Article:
Latest From California Healthline:
Doctors at the University of California’s flagship San Francisco hospital are sharply divided over a proposal to join forces with a Catholic-run system that restricts care on the basis of religious doctrine — part of a broader public debate as Catholic hospitals expand their reach. (Jenny Gold, 4/29)
Good morning! A new poll answers the question about which party Americans trust more when it comes to health care. More on that below, but first, here are some of your top California health stories.
Hundreds Of Students, Workers At LA Universities Still Quarantined Over Fear Of Measles Exposure: Students and workers at both UCLA and the California State University at Los Angeles have faced potential exposure to measles. Cal State officials alerted its students and staff that the exposure may have occurred at a campus library last week and requested immunization records from those who were in the building during the window of time. At UCLA, the student infected with measles attended classes at two campus buildings. He did not enter any other buildings while on campus, but the school determined that more than 500 students and staff may have been exposed or come into contact with the sick student. The quarantines could last for up to 21 days.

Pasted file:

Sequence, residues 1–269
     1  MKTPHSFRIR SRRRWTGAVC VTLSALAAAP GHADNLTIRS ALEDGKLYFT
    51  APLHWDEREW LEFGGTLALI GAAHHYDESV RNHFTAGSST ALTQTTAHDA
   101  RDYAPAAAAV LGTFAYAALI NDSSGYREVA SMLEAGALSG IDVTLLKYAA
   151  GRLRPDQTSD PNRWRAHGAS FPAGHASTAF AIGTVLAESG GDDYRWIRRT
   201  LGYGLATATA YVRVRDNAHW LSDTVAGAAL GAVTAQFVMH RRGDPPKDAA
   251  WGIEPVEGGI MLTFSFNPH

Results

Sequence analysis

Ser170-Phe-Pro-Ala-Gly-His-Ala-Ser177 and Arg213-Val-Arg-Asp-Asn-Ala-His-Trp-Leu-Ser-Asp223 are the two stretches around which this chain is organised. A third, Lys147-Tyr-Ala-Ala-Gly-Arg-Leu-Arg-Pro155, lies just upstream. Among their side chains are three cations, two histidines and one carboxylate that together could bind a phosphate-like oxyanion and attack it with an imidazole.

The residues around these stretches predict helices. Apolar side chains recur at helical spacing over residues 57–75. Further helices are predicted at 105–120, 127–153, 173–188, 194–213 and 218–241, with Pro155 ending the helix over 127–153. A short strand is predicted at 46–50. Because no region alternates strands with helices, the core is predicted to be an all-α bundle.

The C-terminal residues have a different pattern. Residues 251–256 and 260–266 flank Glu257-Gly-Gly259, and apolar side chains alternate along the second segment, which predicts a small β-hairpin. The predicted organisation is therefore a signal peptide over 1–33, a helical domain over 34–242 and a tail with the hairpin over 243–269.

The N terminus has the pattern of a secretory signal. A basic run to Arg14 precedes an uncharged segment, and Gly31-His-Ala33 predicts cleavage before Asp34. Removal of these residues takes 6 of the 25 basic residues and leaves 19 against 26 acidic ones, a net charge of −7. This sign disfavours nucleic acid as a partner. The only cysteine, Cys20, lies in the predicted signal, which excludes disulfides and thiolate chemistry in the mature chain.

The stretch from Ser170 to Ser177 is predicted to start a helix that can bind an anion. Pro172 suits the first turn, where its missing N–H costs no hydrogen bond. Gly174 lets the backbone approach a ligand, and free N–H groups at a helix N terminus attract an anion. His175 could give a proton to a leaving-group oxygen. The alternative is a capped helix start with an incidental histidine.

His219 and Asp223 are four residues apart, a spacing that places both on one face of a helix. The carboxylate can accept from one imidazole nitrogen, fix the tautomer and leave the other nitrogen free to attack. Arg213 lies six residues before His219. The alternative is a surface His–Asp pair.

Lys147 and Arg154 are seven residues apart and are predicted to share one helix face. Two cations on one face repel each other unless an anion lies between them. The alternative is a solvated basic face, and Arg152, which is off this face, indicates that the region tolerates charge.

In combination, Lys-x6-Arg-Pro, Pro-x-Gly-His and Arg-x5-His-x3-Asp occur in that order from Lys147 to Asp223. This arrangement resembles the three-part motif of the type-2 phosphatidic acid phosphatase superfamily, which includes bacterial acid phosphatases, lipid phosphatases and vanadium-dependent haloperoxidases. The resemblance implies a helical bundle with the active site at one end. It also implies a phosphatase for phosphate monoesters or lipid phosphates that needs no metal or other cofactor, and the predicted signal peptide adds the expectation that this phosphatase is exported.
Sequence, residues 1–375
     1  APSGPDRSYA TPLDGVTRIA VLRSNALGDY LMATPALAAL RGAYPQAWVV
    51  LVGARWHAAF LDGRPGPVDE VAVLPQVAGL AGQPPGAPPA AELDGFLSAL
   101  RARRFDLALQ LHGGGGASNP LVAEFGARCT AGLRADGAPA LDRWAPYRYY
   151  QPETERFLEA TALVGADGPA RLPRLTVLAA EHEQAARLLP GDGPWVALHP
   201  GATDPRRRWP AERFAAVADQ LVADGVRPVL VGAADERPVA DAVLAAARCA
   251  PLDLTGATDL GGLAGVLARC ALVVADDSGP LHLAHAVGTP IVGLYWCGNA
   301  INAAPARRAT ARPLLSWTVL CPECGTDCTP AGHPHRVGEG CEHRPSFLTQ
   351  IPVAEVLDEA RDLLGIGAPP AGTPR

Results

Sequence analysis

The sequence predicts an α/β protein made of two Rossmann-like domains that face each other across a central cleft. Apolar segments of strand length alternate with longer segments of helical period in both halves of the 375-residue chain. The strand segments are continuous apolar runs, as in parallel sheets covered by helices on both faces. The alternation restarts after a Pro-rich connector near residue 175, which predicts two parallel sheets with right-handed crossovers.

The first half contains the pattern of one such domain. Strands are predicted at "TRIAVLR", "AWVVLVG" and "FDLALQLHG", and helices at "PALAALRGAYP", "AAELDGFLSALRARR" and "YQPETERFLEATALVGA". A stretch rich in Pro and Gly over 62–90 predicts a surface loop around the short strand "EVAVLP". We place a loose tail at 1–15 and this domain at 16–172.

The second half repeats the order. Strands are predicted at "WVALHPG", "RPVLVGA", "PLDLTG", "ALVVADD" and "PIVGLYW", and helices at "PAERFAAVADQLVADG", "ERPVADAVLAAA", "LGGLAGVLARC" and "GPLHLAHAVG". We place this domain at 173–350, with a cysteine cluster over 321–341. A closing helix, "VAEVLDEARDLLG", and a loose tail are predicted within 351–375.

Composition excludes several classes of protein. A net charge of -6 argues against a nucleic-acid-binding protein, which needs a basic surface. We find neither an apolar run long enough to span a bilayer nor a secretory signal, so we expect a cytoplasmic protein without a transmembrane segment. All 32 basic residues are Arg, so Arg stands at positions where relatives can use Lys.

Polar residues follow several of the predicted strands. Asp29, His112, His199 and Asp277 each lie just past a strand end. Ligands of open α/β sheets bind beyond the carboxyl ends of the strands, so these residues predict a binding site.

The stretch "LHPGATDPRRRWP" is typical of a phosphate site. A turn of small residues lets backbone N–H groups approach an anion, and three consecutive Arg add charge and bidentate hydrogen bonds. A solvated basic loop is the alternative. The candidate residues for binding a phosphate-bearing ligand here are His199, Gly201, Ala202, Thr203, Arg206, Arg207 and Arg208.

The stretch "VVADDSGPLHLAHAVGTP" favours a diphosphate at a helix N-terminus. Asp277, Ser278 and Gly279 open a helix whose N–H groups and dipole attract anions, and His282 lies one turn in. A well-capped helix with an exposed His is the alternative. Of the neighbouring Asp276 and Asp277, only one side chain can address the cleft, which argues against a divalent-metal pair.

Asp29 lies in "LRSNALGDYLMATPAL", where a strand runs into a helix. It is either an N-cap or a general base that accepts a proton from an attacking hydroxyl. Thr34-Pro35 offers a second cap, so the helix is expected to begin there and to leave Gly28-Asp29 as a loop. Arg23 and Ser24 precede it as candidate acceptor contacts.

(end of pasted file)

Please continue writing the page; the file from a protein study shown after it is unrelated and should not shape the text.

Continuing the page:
Twenty-eight adults and 10 children have been diagnosed with measles in California this year, with three from Sacramento County and six in Los Angeles County. According to CDPH, the last large measles outbreak occurred between December 2014 and April 2015 in connection with Disneyland. At least 131 Californians were infected, and the outbreak spread to six other states as well as Mexico and Canada.
Civil Rights Groups Challenges UCSF’s Expanding Partnership With Catholic Hospital Chain: Americans United for the Separation of Church and State say the affiliation between UCSF and Dignity Health violates the First Amendment’s prohibition against government endorsement of religion. A Dignity spokesman has said the Catholic hospitals require UCSF doctors to sign God-affirming agreements that prohibit medical care that violate the hospitals’ religious beliefs. Depending on the hospital, prohibited care can include abortions, tubal ligations, hysterectomies, sterilizations, miscarriage care, gender surgery and contraceptive counseling. On Thursday, UCSF spokeswoman Jennifer O’Brien said the medical center’s physicians are not required to sign those precise documents. “But they do commit to provide care consistent with those value statements as part of their credentialing and privilege application to practice in Dignity Health’s hospitals. Read more from the San Francisco Chronicle and California Healthline.